Andy Parkinson is an award-winning wildlife photographer, regular National Geographic contributor and a recent Nikon ambassador. Working with wild animals only, he often speaks about conservation, animal rights and photo ethics.
The only thought in my head when I’m shooting is, “Does the image work?” I don’t shoot for magazines, or for awards, or in anybody else’s style. Instead I shoot only to please myself, and these images are my own creative interpretation of what I’ve experienced.
As such I’m free to shoot whatever I feel, whether it ends up working or not. Remember that with digital cameras there is no financial consequence for trying something, and if it doesn’t work then that is what the delete button is for.
Andy’s 5 tips for capturing more creative images
High-key images are somewhat in vogue at present, with many photographers sharing their various examples on social media. Often, however, it seems that high-key is just another way to describe overexposed images, so there is definitely an art to getting them right.
Photographed correctly, you’ll end up with a shot with illustrative qualities, almost more reminiscent of an artist’s drawing. Get it wrong, however, and it will simply look like you’re trying to pass off a mistake as ‘art!’
1. Focus on the details
If the subject allows, work sensitively at close quarters. I love images with an abstract feel, where the viewer is not immediately sure what they’re looking at, and that’s what I’ve strived to do with this mountain hare. This was photographed at f/14 yet the depth of field appears very narrow.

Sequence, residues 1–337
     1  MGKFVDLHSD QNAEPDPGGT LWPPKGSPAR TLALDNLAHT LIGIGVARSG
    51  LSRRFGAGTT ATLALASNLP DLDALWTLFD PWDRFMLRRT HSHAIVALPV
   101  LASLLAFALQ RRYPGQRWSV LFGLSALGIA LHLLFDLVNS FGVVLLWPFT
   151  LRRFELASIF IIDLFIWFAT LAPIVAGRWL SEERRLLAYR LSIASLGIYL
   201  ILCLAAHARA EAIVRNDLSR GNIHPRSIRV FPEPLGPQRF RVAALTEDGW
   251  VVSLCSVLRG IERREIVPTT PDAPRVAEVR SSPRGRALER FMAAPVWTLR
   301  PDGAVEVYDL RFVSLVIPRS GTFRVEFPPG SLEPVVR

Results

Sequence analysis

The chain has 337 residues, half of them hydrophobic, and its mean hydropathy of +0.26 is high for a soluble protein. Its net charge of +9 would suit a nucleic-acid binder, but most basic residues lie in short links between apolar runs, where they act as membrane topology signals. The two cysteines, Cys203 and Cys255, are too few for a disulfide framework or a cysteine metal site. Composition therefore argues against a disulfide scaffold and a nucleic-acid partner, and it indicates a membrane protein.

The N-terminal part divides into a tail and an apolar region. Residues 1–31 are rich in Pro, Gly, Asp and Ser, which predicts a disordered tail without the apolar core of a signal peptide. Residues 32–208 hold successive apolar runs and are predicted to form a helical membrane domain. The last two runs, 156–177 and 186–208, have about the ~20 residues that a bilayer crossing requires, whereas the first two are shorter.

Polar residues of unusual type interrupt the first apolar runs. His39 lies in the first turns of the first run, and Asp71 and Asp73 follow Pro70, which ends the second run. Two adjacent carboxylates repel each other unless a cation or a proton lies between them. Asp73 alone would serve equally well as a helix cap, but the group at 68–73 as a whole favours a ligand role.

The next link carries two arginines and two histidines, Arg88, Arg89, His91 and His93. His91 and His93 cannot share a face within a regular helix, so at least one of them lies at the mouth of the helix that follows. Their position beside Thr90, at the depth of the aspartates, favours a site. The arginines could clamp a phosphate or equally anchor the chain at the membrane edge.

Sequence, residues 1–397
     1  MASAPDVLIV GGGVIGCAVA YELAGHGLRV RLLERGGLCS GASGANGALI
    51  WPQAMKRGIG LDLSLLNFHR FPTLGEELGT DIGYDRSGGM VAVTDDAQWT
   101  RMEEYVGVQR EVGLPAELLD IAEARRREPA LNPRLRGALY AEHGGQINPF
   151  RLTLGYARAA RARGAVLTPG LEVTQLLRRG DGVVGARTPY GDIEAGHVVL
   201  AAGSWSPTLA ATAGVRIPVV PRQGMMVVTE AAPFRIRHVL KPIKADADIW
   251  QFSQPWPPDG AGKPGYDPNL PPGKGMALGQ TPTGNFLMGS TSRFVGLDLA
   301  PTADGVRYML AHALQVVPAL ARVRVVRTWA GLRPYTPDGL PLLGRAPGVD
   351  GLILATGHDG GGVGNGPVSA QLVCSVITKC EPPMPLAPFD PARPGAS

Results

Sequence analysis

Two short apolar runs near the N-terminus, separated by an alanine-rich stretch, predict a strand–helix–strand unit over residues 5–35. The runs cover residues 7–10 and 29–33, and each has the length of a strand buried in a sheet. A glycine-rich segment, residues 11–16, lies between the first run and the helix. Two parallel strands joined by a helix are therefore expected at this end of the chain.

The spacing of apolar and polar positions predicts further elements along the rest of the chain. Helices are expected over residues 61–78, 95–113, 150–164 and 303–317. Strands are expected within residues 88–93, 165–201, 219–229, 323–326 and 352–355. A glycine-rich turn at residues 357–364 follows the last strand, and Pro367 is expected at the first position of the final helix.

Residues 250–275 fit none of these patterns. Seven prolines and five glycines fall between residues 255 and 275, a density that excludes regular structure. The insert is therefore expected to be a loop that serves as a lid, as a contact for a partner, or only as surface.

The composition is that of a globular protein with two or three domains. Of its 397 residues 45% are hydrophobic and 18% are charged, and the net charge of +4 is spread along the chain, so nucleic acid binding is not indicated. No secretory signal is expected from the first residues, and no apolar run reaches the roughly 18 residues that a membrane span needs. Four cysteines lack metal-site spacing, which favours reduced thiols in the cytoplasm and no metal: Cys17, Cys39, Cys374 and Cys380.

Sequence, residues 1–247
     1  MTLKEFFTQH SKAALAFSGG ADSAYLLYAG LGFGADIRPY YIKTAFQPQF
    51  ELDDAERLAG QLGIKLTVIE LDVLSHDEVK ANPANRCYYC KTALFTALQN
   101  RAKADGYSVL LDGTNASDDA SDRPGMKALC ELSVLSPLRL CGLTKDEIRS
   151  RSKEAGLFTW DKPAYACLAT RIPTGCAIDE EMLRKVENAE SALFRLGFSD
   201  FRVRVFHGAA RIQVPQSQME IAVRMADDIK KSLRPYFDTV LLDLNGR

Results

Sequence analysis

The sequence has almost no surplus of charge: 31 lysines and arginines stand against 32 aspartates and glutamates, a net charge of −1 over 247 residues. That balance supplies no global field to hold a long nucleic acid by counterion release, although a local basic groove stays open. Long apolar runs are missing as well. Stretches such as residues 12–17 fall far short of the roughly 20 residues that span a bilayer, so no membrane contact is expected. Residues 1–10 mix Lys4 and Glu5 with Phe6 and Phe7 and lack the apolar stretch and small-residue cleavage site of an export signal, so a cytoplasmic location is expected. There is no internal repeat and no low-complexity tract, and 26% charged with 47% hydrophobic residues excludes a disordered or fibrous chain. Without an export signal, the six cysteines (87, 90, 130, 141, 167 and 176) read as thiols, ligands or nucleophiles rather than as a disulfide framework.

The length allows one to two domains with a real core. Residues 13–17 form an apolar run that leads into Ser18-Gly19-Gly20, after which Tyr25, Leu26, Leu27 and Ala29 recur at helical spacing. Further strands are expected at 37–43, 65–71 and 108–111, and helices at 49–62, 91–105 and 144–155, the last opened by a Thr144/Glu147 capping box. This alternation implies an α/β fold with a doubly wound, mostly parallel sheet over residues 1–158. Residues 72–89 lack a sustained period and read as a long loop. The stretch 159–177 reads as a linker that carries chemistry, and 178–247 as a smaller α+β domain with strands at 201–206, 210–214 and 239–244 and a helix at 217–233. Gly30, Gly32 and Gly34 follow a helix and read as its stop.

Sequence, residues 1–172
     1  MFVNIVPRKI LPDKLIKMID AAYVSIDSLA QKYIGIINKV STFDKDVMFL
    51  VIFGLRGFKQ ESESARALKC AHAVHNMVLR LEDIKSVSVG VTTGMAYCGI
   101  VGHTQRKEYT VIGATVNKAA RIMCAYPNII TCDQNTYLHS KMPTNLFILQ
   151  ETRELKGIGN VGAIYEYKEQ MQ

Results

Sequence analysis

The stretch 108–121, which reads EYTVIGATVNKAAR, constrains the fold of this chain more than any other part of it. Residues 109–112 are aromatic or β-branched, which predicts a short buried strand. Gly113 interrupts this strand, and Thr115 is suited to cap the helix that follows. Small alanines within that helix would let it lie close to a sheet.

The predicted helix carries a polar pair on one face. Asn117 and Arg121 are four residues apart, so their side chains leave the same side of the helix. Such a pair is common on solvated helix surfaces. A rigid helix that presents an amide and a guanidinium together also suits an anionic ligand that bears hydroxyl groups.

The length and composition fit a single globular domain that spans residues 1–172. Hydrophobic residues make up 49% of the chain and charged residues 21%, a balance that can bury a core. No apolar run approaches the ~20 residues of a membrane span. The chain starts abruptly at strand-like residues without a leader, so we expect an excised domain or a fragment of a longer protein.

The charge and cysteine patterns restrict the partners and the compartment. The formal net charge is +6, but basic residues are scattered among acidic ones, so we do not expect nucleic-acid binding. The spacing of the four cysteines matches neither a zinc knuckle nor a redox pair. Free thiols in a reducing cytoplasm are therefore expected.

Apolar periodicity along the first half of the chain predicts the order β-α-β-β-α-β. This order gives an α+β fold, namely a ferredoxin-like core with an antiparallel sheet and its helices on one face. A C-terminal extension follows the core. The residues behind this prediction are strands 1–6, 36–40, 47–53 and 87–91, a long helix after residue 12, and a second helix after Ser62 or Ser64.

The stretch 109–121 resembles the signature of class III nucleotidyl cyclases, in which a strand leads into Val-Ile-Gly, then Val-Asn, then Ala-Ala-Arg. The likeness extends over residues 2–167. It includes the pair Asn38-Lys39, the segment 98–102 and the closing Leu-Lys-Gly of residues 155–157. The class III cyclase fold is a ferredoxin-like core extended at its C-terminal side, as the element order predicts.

2. View from the rear
Don’t stop shooting just because the animal or bird is facing away from you. No one looking at this image will struggle to imagine what creature this tail belongs to, because it is one of the most recognisable body parts of this iconic species. Does the image always need to include the whole subject?
3. Nature's abstract canvas
The white canvas of a snow-covered field is an ideal backdrop against which to produce uniquely creative and imaginative images. This brown hare looks suspended in mid-air, like it has been Photoshopped into the image, but in fact all it is doing is bounding along past the near-frozen photographer.
4. Look for symmetry
I often look for patterns or shapes in nature, and winter, with all of its graphic qualities, is the perfect time of year to indulge. Nature routinely throws up beautifully symmetrical moments, and as this swan glided away in threat posture I knew to wait until the head became framed between the tail feathers.
5. Convey their character
Mountain hares rely on their camouflage in winter in order to stay safe. Using snow holes or depressions in the ground, they lie motionless, trusting the ability of their white coat to blend in and keep them safe. These characteristics can be revealed with a considered, creative approach.
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